You will find that it only takes one team struggling to make a huge difference to the cash out value. Instead of being 1-0 up with 20 minutes to go, let us say that Chelsea were a goal down and were subsequently trading at odds of 5/1 to win rather than 1/5. Dividing all the odds together would see us calculate £38.58 ÷ 1.25 ÷ 1.25 ÷ 1.2 ÷ 6 producing a total of £3.43 as a ‘fair’ cash out price.

Note that the cash out price is not a net win, so if your original bet cost you £5 and you were offered £3 for a cash out, this is you effectively agreeing to a £2 loss. Obviously, it is not very often you would willingly accept a loss but losing £2 is preferable to losing the full £5. Most people would probably agree though that they are better just to stick with the bet and hope Chelsea manage to turn things around.

Multiple Bets (Different Times)

Multiple Bets ExampleYou can easily find yourself in a situation in which most of your selections have already concluded (and won) but you are just waiting on or two others. This is particularly common in horse racing as you seldom have races starting at the same time, certainly not within the same racecourse. In such cases, there are no ‘live odds’ but all you need to do is use the currently available odds, rather than the price you backed at the time.

This is one example that made the headlines during the 2021 Cheltenham Festival. With one horse left remaining and standing to win £511,225, the bookmaker offered a sizable cash out figure of £275,000. The reason the amount was this high, with a 9/2 shot left outstanding, was that the odds on Envoi Allen has been slashed to 1/2 by this point. This had a huge impact on the cashout price as rather than relying on something still quite unlikely, the punter only had a strong favourite to come in.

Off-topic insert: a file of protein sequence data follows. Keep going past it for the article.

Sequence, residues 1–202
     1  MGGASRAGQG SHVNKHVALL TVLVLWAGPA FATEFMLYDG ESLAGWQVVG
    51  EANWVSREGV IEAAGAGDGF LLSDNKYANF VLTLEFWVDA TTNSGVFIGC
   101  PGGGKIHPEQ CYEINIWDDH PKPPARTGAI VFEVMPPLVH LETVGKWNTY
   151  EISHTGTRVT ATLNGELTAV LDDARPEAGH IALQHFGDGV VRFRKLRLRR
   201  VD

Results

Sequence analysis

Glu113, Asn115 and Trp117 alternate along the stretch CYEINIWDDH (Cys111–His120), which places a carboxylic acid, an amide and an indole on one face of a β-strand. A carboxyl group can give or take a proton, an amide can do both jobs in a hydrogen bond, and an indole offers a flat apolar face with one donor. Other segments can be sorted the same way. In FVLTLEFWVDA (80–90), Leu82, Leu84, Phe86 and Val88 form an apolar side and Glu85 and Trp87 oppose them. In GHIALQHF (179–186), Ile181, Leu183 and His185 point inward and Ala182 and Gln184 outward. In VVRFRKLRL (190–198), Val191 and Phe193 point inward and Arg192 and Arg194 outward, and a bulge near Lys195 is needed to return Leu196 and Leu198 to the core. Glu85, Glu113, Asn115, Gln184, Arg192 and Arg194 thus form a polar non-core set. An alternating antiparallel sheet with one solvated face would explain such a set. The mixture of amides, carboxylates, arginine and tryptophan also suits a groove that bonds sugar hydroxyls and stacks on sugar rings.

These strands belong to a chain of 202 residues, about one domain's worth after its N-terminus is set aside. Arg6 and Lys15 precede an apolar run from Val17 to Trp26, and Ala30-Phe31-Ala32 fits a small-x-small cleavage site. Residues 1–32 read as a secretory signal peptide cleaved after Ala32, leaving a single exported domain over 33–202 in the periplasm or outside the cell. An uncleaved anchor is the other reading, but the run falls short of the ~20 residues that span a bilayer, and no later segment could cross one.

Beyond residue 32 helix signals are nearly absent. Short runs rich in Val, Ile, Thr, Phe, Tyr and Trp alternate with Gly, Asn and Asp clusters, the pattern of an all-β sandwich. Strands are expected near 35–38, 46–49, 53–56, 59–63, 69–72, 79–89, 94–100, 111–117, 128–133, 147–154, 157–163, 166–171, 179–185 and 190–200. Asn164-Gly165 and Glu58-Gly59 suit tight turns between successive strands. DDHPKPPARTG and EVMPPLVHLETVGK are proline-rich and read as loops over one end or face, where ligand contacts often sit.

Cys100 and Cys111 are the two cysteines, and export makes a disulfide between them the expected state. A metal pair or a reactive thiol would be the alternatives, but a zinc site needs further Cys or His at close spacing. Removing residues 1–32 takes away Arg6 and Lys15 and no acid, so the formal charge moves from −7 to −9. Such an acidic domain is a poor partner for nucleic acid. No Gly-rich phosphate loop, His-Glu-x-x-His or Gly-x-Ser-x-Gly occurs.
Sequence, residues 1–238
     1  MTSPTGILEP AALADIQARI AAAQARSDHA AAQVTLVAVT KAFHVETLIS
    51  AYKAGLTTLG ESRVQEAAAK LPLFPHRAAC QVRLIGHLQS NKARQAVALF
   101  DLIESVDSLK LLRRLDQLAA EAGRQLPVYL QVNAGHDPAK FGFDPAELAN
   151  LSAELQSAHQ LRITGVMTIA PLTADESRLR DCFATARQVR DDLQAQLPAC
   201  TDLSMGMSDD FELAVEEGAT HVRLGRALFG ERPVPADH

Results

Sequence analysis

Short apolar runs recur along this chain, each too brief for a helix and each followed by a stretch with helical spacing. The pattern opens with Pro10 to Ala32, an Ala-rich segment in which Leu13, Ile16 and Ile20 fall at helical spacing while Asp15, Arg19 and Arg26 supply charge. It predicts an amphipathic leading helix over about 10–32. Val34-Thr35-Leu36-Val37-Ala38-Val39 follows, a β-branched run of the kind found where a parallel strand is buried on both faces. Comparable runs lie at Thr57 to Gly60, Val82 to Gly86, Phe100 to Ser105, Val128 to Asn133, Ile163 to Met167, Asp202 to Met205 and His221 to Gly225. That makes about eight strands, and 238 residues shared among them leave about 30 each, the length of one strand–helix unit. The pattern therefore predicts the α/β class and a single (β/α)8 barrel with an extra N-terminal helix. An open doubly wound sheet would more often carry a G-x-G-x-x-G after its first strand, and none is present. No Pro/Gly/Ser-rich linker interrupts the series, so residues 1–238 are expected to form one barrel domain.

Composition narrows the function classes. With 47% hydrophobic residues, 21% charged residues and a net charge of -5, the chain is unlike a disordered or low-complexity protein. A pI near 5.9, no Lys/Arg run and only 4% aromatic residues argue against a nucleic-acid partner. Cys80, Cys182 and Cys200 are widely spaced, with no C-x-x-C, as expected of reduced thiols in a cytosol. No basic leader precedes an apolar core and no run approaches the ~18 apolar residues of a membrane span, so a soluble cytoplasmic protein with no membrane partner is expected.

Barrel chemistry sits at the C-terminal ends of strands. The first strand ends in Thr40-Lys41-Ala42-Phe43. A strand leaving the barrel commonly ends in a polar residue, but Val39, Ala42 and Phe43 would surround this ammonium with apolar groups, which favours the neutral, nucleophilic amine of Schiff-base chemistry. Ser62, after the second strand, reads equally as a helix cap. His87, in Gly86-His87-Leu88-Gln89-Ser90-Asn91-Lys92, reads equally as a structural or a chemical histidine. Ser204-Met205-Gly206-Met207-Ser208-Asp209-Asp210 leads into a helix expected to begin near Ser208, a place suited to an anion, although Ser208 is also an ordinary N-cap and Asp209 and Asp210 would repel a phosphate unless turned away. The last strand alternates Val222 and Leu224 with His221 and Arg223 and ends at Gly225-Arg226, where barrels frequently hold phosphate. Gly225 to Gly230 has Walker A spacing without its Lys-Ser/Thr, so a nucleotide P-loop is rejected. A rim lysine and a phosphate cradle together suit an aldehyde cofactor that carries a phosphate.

In this case, calculating a ‘fair’ cash out value would follow the usual process but you are just taking the ‘current’ odds rather than the in-play odds. Here there was just one horse left so the calculation would be £511,225 ÷ 1.5, totalling £340k. Now, this is distinctly higher than what the punter was actually offered but the bookmaker did not need to be overly generous in this instance. An offer of £275k was still a huge amount and tempting enough without it needing to be larger.

The punter ended up hedging his bets and accepting a partial cash out, which combined with his other bets on the race, meant receiving £250k if Envoi lost and £300k if Envoi succeeded. It proved a wise decision too as the odds-on favourite didn’t even make it to the end of the race after suffering a fall.

Had the odds-on Envoi not dropped in price before the race, the cashout offer would not have been anywhere near this high. If, for instance, they had lengthened a little to 5/1, we would be looking at £511,225 ÷ 6, giving us a total ‘fair’ cash out of £85,204 and an actual figure of around £70k.

The Cons of ‘Cashing Out’

There is nothing inherently wrong with cashing out a bet. It is a fully transparent feature that has secured net wins for countless punters who otherwise would have lost a bet. To purely focus on the success stories though would be a foolish thing indeed as there are plenty of others out there who have reduced their winnings, quite substantially, by not holding out.